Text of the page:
Businesses wanting mail delivered with a one day turnaround could be staring at higher charges if NZ Post convinces the Government to accept a raft of changes to its deed of understanding.
The changes are part a bid to reshape the state-owned company's business model, which has been trapped between mail volumes declining due to the internet and entrenched service delivery terms keeping costs high.
As it stands, NZ Post is required to service 95 per cent of delivery points six days a week, a level it's looking to trim to three days.
Physical mail volumes have been savaged in recent years as private businesses such as power utilities have started charging customers as much as $1 for paper bills in a bid to cut their own cost bases.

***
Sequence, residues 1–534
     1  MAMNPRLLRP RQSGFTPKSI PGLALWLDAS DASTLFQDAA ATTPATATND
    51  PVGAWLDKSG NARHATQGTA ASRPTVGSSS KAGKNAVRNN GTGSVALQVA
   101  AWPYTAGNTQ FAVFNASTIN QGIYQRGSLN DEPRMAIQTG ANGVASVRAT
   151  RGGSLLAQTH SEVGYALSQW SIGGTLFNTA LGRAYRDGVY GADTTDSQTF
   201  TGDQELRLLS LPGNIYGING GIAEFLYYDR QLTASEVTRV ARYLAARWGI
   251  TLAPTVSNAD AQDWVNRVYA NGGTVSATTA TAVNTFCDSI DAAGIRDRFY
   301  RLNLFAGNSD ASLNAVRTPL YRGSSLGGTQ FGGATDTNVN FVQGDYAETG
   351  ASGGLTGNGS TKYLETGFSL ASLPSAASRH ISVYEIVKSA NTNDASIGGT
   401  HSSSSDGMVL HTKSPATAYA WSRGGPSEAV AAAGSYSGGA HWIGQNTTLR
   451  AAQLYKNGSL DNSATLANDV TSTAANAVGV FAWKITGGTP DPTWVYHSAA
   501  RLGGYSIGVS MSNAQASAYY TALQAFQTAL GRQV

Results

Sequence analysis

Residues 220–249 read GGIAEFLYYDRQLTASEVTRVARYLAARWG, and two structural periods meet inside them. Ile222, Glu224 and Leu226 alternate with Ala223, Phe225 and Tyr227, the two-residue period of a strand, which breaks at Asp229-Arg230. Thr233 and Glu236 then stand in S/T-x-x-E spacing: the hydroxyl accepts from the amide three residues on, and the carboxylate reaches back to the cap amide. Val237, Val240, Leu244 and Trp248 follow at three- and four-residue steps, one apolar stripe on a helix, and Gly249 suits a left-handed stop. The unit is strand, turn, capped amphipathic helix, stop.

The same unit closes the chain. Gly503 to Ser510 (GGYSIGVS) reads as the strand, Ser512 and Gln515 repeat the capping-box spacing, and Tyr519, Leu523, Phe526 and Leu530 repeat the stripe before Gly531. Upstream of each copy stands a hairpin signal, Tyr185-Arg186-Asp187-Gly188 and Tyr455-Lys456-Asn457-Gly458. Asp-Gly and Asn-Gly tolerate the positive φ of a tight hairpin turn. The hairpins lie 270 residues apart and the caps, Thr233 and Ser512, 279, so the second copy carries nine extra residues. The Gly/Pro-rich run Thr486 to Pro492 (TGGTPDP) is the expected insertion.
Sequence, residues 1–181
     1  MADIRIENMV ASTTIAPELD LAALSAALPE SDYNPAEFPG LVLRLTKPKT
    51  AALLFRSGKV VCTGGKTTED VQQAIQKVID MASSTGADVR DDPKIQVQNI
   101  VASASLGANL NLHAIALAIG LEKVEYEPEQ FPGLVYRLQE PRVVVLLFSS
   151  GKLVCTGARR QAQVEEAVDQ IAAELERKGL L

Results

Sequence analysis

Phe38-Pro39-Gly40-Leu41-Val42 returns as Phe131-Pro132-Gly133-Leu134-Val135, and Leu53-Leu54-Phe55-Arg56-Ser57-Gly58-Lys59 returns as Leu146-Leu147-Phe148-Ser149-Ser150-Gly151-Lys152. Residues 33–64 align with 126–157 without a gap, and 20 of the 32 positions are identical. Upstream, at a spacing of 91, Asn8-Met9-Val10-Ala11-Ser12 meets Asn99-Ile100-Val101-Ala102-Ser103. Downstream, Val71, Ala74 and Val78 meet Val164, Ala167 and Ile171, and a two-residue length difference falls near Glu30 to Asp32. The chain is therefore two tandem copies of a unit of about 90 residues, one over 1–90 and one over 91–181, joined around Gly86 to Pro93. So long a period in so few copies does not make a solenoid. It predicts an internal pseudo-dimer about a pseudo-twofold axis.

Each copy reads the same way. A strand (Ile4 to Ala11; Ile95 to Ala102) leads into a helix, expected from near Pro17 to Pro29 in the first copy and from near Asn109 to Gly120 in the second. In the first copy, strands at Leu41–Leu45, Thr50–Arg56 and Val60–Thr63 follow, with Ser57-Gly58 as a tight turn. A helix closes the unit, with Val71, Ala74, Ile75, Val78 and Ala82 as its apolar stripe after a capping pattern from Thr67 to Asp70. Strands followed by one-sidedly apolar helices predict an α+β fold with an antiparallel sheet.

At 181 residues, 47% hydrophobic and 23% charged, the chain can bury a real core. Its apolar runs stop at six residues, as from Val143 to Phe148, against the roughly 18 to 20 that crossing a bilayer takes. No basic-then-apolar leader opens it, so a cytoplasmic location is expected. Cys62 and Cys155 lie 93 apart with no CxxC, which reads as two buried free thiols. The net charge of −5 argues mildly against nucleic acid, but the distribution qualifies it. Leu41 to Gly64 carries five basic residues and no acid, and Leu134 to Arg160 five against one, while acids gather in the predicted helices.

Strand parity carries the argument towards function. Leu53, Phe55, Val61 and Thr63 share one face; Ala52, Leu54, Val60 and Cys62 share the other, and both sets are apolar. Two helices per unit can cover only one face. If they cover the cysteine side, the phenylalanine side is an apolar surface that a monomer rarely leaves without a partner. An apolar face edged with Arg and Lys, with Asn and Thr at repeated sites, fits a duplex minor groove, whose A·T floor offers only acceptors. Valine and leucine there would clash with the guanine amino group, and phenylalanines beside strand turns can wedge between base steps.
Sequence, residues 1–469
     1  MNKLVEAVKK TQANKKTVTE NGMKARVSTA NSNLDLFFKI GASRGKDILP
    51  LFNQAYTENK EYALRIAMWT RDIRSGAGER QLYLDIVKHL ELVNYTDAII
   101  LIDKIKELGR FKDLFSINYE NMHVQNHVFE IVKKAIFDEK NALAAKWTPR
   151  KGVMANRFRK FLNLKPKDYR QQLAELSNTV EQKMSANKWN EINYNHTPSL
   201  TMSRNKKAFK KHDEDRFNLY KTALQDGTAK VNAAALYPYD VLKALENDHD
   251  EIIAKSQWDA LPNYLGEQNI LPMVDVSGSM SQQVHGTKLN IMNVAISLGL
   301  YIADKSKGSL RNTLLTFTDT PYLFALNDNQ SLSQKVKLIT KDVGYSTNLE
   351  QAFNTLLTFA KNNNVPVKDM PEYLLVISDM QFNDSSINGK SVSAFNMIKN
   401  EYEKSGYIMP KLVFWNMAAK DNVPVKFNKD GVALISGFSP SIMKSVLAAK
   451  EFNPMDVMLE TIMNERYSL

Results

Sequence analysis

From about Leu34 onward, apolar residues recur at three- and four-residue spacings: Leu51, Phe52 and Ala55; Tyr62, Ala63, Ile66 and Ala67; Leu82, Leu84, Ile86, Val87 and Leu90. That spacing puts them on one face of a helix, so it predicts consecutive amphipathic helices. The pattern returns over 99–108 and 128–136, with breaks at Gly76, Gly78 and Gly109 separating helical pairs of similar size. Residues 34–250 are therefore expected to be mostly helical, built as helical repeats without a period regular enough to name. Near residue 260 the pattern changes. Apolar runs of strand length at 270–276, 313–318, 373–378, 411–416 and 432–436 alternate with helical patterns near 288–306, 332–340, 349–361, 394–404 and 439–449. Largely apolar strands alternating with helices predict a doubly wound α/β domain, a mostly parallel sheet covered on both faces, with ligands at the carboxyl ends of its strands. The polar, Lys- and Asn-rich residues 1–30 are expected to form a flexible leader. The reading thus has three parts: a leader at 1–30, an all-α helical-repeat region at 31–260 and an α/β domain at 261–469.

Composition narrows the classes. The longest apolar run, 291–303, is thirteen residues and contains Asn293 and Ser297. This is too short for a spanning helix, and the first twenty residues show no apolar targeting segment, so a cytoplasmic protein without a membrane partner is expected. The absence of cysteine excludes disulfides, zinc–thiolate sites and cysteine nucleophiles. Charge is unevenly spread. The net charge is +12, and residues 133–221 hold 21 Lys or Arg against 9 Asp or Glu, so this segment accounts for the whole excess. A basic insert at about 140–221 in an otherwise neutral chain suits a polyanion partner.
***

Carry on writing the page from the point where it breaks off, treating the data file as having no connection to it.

In its 2012 annual results announcement, published in August, NZ Post said 54 million fewer letters were posted in the financial year which equated to a $17m drop in revenue.
Last month ratings agency Standard & Poor's slashed the group's credit rating by one notch to A-Plus on stable outlook, citing its declining mail volumes and increasing reliance on subsidiary Kiwibank to generate revenues.
No changes to the 1998 Deed of Understanding have been signed off as yet, but talks between Government and the postal operator are ongoing.